By 2020, Ontario's announced plan is to have 150 stand-alone retail outlets for the sale of cannabis operational in the province, including opening 80 by July 1, 2019. These retail outlets will aim to service all regions of Ontario, and consultation between the Province and municipal governments is planned. Retail sales at these stand-alone locations is expected occur in tandem with proposed online distribution.9 Online sales of cannabis are anticipated to follow the same mechanisms for community safety and social responsibility as the online sale of alcohol.10

Ontario's announcement reveals that the government plans to replicate or adopt variations of existing frameworks employed in the retail of restricted substances, rather than re-invent the proverbial retail 'wheel' for the retail of recreational cannabis: such cannabis sales will occur only in LCBO-run retail outlets, marketing and labeling will be similar to the rules restricting tobacco sales, and online retail of cannabis will mirror the system established for the LCBO's online sales of alcohol. The announcement provides significant insight into the market in Ontario that businesses and consumers can expect following the legalization and regulation of cannabis at the federal level, and it has the potential to set the tone for other Canadian jurisdictions.

As July 2018 draws closer, the pressure on the provinces and territories will continue to rise, as they are quickly running out of time to address cannabis regulation and related issues.  McMillan's Cannabis Practice Group will continue issuing bulletins on this matter as developments occur.

About McMillan's Cannabis Practice Group

McMillan's leading Cannabis Practice Group provides innovative and practical solutions to clients in the cannabis industry.

McMillan's Cannabis Practice Group is made up of lawyers who understand the laws, regulations, and business landscape in Canada. Our professionals provide valuable legal solutions for financing, accessing public markets, mergers and acquisitions, licensing and regulation, employment law, workplace issues, and intellectual property, to help businesses succeed in this new and evolving industry.

  Footnotes

1 The term "recreational cannabis" was used by the Ontario Ministry of the Attorney General and the term is also commonly referred to as non-medical cannabis or non-therapeutic cannabis.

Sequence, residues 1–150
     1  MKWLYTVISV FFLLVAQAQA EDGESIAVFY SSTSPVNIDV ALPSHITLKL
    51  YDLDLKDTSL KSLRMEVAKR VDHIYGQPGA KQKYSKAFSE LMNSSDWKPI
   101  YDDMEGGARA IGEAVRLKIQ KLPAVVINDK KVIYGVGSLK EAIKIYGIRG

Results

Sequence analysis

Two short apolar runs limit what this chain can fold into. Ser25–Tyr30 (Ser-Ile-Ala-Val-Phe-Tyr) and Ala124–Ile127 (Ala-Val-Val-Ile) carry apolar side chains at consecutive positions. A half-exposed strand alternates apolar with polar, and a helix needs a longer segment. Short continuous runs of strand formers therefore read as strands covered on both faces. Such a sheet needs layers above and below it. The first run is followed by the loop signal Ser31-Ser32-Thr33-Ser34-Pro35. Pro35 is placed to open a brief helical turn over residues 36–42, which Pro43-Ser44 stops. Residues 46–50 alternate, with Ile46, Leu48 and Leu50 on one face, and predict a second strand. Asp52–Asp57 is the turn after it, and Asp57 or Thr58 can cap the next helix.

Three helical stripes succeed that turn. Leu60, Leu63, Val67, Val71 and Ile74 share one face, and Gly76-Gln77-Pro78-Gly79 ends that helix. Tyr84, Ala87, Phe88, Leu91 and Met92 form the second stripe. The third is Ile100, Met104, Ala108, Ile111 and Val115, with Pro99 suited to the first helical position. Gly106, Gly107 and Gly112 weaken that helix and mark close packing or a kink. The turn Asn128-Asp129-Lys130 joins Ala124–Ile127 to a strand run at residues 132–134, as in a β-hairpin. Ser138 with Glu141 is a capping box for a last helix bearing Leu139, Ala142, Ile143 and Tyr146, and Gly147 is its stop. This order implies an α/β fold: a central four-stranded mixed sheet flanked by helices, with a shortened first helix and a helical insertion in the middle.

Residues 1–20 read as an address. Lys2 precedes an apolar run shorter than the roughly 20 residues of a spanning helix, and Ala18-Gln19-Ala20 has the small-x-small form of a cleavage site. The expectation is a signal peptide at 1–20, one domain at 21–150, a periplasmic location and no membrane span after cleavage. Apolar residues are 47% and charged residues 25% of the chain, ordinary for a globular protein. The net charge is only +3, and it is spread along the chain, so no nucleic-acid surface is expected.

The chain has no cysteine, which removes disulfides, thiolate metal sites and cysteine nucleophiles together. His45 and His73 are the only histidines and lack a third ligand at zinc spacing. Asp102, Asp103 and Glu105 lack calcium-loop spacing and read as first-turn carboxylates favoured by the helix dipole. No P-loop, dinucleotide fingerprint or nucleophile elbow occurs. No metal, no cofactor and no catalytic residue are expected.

2 Ministry of the Attorney General, News Release, "Ontario Releases Safe and Sensible Framework to Manage Federal Legalization of Cannabis: Carefully Controlled With Strict Rules; LCBO to Oversee Stand-alone Cannabis Retail Stores" (8 September 2017) online: Ontario Newsroom < https://news.ontario.ca/mag/en/2017/09/ontario-releases-safe-and-sensible-framework-to-manage-federal-legalization-of-cannabis.html>.

3 "LCBO well suited to sell marijuana when legal, Kathleen Wynne says", CBC News (14 December 2015) online: CBC News < http://www.cbc.ca/news/canada/toronto/wynne-marijuana-lcbo-1.3364158>.

4 Health Canada, A Framework for the Legalization and Regulation of Cannabis in Canada: the Final Report of the Task Force on Cannabis Legalization Regulation, (Ottawa: Health Canada, December 2016) at 4.  

5 Ibid at 99.

6 Ministry of Finance, Backgrounder, "Ontario's Cannabis Retail and Distribution Model" (September 8, 2017) online: Ontario Newsroom < https://news.ontario.ca/mof/en/2017/09/ontarios-cannabis-retail-and-distribution-model.html>.

7 Baker, Rafferty, "1st court date set for illegal Vancouver pot dispensaries" (August 16, 2017) online: CBC < < http://www.cbc.ca/news/canada/british-columbia/vancouver-marijuna-dispensaries-injunctions-court-date-1.4250468">

8 Ibid.

9 Ibid.

10 Ibid.

The foregoing provides only an overview and does not constitute legal advice. Readers are cautioned against making any decisions based on this material alone. Rather, specific legal advice should be obtained.

© McMillan LLP 2017

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Gavyn Backus